At about 12:00 Noon today my face was all joyos childish smiles. While it would be an exaggeration to claim that, at that moment, I was flying over the concrete pavements of Dublin South, it did feel that way for a second.
Gone was the, for a runner agonising, entrapment in the form of movement known as walking, and for the first time in the 10 days that has passed since parts of the cartilage that forms my left meniscus was torn open by the excessive pressure put upon it by my upper and lower leg bones. If you could freeze the image and send an x-ray through me at a that very nanosecond as my left foot struck down on the rocky, hard, and uneven path leading down from Two-Rock Mountain, and my centre of balance shifted to harshly and too quickly from right to left, they would have seen the source of the "crunch" sound that I heard as clear as day.
The human knee is not a great shock-absorber, which is why its crucial to make sure your feet land behind your stride not in front of it. When your foot lands in front of your stride, a pressure equal to as much as 6 times your bodyweight (more downhill) is exerted on the knee which essentially functions as a biological brake under those circumstances.
If you want to know more about who the technique known as "Power-Running" (the dominant running paradigm) will wear down anyone but the most genetically gifted, purchase ChiRunning or go to www.chirunning.com and look for yourself. Or even better, look at a Kenyan run, study them. The effortlessness is not genetic, it is learned through childhood. For us it takes effort. Sadly, keeping proper form when running and jumping down a scree or rocky decline is difficult, but not impossible. If you keep your form, you won't get injured. If you don't, you will, eventually.
A Long Season
I've had a long season already, and my friend and fellow mountain runner Conor Murray believes the injury was not a result of my "crunch-moment", but instead the logical conclusion of overuse of untrained legs.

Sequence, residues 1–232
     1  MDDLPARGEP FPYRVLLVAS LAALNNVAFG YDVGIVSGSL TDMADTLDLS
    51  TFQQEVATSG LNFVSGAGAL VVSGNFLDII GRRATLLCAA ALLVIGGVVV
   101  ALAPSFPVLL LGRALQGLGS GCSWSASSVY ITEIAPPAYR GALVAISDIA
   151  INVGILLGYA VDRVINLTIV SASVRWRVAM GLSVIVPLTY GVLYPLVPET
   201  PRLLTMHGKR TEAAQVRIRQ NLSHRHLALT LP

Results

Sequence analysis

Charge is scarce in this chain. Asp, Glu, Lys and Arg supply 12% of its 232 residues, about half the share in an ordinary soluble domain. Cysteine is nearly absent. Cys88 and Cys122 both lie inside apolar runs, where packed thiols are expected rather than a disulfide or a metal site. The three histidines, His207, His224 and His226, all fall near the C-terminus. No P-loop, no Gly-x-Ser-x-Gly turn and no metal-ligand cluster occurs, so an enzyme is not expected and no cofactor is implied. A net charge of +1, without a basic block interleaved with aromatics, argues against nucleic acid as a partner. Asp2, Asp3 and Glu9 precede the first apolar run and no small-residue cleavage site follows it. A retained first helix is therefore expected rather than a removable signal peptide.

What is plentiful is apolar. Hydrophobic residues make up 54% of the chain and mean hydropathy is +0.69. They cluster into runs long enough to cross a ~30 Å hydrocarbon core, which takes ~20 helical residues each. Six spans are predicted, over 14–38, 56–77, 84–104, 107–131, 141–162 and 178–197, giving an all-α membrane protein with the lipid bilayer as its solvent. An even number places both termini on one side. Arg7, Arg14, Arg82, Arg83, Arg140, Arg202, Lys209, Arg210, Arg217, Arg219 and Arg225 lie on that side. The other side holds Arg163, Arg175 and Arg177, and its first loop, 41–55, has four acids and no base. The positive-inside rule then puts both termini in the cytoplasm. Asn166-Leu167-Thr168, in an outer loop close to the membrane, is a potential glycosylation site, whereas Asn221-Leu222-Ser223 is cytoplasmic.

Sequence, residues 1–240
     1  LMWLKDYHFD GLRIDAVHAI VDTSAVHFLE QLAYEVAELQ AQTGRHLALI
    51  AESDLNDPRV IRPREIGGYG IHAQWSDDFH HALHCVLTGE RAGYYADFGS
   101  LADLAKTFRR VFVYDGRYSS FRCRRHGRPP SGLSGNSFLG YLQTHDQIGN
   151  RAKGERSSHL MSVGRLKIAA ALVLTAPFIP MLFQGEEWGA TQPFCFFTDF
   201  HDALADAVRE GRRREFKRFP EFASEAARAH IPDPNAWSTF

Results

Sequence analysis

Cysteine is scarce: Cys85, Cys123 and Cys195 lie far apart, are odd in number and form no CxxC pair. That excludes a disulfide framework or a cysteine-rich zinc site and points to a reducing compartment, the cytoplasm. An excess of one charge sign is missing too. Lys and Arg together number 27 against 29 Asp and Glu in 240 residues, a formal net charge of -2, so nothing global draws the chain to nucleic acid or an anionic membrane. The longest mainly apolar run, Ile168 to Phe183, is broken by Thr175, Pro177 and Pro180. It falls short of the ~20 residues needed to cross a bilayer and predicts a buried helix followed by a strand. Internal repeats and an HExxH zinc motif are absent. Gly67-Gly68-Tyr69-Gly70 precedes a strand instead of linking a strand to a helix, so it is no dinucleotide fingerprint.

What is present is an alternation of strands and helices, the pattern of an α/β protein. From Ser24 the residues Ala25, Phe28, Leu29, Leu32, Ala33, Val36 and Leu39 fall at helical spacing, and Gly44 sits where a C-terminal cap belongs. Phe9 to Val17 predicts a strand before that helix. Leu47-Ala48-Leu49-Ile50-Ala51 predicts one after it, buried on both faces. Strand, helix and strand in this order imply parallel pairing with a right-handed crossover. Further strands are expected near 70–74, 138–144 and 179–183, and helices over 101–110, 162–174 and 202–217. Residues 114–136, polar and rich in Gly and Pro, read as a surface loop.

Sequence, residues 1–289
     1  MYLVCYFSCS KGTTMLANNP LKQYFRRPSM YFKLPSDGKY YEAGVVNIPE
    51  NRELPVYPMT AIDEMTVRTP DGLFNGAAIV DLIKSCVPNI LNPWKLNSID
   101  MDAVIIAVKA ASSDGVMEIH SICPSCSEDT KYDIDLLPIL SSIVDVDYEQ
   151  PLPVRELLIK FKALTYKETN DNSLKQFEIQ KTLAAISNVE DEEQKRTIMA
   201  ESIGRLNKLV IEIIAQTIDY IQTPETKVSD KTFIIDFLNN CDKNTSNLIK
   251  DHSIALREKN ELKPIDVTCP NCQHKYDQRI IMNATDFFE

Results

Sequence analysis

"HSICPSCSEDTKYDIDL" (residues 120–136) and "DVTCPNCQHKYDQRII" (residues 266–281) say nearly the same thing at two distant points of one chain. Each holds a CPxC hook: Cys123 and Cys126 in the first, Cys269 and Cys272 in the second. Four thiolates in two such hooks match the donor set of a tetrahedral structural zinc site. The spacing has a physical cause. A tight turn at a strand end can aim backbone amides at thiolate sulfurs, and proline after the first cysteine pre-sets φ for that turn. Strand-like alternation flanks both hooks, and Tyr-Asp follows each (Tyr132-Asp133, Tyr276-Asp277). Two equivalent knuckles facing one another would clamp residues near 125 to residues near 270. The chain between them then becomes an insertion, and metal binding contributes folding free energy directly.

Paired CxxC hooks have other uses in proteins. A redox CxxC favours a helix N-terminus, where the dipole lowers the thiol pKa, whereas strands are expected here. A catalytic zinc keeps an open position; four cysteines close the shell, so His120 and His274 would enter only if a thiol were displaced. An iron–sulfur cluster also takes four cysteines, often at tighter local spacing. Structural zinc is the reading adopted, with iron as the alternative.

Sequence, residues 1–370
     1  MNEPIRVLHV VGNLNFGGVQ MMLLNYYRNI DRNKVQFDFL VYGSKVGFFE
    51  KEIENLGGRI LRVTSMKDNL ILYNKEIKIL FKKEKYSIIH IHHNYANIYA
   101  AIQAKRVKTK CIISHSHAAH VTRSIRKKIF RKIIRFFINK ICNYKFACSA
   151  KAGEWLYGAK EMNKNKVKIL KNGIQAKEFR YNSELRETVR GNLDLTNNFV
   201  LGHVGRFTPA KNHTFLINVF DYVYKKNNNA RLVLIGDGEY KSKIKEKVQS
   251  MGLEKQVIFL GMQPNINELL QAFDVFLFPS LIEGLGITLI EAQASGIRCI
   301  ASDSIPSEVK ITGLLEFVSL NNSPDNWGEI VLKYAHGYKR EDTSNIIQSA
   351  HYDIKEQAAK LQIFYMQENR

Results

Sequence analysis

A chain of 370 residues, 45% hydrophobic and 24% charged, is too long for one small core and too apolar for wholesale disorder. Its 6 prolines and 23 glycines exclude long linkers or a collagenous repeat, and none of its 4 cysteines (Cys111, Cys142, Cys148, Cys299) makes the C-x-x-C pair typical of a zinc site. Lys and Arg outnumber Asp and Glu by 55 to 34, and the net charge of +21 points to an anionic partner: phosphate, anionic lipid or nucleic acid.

Both are probably responsible if you wanted to analyze it. As I was finishing the Stepaside race, it was my 15th race of the season, a drastic change for a body whose only two previous "engagements" with racing was at 19 and 24 (one race each year).
The Fallacy of Over-Training
Prolonged racing will weaken your joints and ligaments ability to deal with the (from a joint's perspective) trauma that is running, but only if you move ahead to quickly, and this has probably been my only mistake. Proper nutrition (and wise supplementing with glucosamine etc.) will fortify anyone's resistance, but the body's ability to absorb damage is finite, and needs to be improved through a process of gradual build-up.
Don't believe anyone telling you that racing all year round is bad, that marathon's are unhealthy for your joints, or that running will wear down your ligaments. All of these statements only hold true if you don't build-up to the level required for these physical exertions gradually and wisely.
Over-training is a convenient argument for those driven to exercise without having their heart in it. It allows you to keep your training "pleasant" while telling yourself that you are training well.
Improvement (in anything) cannot happen if you're comfortable!
We must enter the grey area between what we can do without any discomfort or fear, and that which is harmful for our body. But this area is not static, and as you keep training yourself, never tell yourself that something is beyond reach. The limits to human physical achievement is so high, that most of us will never reach it. If you run hundreds of kilometres through the desert, days through mountainous areas above 3000m, or hours in -40 degrees, you would still not have touched upon our limits.
The lesson to be learned from this is, if someone says "its not healthy to do this or that" about training and racing, add in your mind "for now". There will be a day when 50 races per season is perfectly feasible for some of us (I hope myself included). As long as the principle of gradual progress is applied, the sky is the limit (or the summits for us non-avians).
My First Run Back
My first run back went quite well, I was enjoying myself and the sun was my companion throughout the almost 49 minutes I was out. I did a leisurely 8.7km, a fair bit more than I expected my leg to accept. I did feel a noticeable weakening of the left leg around the 5km, but I held a decent pace home without much effort, having a low average pulse of just 156.
Shoe Shopping - Always a Cure!
Tomorrow, I am going to Bray to purchase the latest addition to the world of fell-running shoes, and the most specialised of its type too: the Mudclaw 270. This shoe is so extremely adapted to fell-running that it would be near-useless on normal terrain, but this is of little concern. Conor told me about his great experiences with their less extreme shoe: the Inov-8 Roclite and told me "you'll feel like flying", so I will gladly sacrifice flexibility to have a super-specialised pair of "grippers" for the roughest terrains that this year's season will offer.
This will be my first purchase from the only technical running specialist in the Dublin area: Amphibian King, so I'm looking forward to seeing the shop for myself.
Well, that's it, I'm back running, it put a smile on my face, and tomorrow I'll be testing new shoes on the slopes of Bray's Head and see how my meniscus will react to a steep slope!